The capacity of the GMRLN to support elimination efforts substantially increased during 2010–2015; all laboratories now follow standard testing protocols and participate in a rigorous quality control program. In addition, all regional laboratories and many national laboratories have established molecular testing, including reverse transcription–polymerase chain reaction (RT-PCR) and sequence analysis. The global specialized laboratories and regional reference laboratories conduct periodic training workshops and convene annual meetings to review progress and develop recommendations to improve laboratory-based surveillance. In many countries, GMRLN laboratories provide a platform for strengthening overall laboratory capacity and surveillance for other VPDs, including yellow fever and Japanese encephalitis, and support detection and response activities during public health emergencies, such as those caused by the Ebola, chikungunya, dengue, and Zika viruses. Further integration of surveillance for other VPDs, including rotavirus diarrhea, is feasible and will help sustain the investments made in establishing and building GMRLN capacity.
A continuing challenge to the GMRLN is a long-standing shortage of human and financial resources. The workload will increase as the GAVP regional measles and rubella elimination targets draw near. The laboratory network will need to expand to meet the demand for high quality laboratory data to support verification of elimination, particularly in the South-East Asia Region, with two new national laboratories to be nominated in Myanmar and Nepal and at least 20 new subnational laboratories planned for Indonesia, India, and Thailand. To address the challenge of ongoing training needs related to personnel turnover and network expansion, GMRLN conducts workshops and intensive onsite training activities in all regions.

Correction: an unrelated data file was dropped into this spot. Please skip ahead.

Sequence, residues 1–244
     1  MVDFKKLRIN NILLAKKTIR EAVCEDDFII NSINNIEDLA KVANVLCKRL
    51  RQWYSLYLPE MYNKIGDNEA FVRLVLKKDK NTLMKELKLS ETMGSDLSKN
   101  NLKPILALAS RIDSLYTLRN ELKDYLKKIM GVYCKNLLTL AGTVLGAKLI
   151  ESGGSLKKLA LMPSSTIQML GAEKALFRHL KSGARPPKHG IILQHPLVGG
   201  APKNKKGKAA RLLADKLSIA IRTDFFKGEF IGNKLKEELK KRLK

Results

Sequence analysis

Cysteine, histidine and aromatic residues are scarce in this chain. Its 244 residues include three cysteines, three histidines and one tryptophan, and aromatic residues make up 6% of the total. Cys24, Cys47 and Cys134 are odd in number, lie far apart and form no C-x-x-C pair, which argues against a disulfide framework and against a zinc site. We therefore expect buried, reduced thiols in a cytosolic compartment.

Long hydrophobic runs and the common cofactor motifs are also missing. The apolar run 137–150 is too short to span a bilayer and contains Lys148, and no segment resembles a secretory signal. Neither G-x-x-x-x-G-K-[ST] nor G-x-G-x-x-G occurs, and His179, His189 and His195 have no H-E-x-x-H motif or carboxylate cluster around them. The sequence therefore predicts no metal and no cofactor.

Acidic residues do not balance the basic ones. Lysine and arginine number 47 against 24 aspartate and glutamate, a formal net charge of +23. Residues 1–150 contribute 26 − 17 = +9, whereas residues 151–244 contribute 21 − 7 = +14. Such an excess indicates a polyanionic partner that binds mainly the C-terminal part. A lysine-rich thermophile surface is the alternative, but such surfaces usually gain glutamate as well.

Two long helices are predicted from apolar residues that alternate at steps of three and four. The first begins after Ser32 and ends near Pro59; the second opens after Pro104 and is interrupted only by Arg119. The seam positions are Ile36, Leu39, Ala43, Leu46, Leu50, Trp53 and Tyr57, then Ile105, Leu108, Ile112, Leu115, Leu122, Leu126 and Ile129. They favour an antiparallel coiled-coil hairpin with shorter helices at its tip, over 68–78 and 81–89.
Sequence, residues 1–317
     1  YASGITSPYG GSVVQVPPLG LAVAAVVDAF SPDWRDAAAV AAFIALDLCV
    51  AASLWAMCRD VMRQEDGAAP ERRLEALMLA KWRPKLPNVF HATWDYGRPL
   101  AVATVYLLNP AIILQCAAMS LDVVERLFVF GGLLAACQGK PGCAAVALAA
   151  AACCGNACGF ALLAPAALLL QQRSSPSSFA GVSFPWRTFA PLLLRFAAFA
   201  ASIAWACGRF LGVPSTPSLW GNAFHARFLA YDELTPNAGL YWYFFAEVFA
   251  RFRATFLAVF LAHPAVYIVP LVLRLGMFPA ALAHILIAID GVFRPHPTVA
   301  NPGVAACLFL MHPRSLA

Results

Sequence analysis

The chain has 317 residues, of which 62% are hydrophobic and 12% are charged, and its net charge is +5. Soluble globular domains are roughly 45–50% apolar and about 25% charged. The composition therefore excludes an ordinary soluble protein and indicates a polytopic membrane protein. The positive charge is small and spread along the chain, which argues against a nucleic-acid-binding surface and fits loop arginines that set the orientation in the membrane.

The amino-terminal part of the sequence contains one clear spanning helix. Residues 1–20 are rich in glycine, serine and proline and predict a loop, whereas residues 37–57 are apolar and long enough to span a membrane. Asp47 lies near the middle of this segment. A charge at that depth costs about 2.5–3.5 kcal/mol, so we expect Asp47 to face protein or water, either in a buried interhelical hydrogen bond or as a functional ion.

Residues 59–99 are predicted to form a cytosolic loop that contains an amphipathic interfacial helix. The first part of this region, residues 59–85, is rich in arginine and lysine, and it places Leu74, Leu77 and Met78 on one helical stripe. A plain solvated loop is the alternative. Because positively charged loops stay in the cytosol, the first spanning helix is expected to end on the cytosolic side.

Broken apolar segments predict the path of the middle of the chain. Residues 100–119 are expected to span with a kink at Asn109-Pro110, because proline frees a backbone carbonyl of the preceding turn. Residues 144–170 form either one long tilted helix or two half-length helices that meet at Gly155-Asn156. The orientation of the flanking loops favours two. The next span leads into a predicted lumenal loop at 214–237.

To enhance measles and rubella elimination efforts, the GMRLN continues to develop and evaluate novel technologies, including molecular methods such as RT-PCR to confirm cases. Evaluations of high throughput serologic assays for more efficient assessments of population immunity and point-of-care assays for rapid case confirmation in remote areas have demonstrated promising results as potential new tools. Advanced molecular techniques, including the use of next-generation sequencing, should improve the resolution of molecular epidemiologic studies.
Efforts will increasingly focus on achieving regional measles and rubella elimination goals as polio eradication approaches (7). Polio legacy planning has begun to transition polio assets to strengthen routine immunization services and measles and rubella elimination efforts, while maintaining the essential polio functions of containment and surveillance (8). In many countries, Global Polio Laboratory Network and GMRLN laboratories are already located in the same institution and share personnel, infrastructure, quality control programs, technical training, and biosafety/biosecurity procedures. An advanced state-of-the-art global laboratory network providing real-time disease surveillance has been the backbone of the polio eradication program. Therefore, ensuring the sustainability and strengthening of the GMLRN should be designated as a high priority for polio legacy planning and transitioning of polio assets.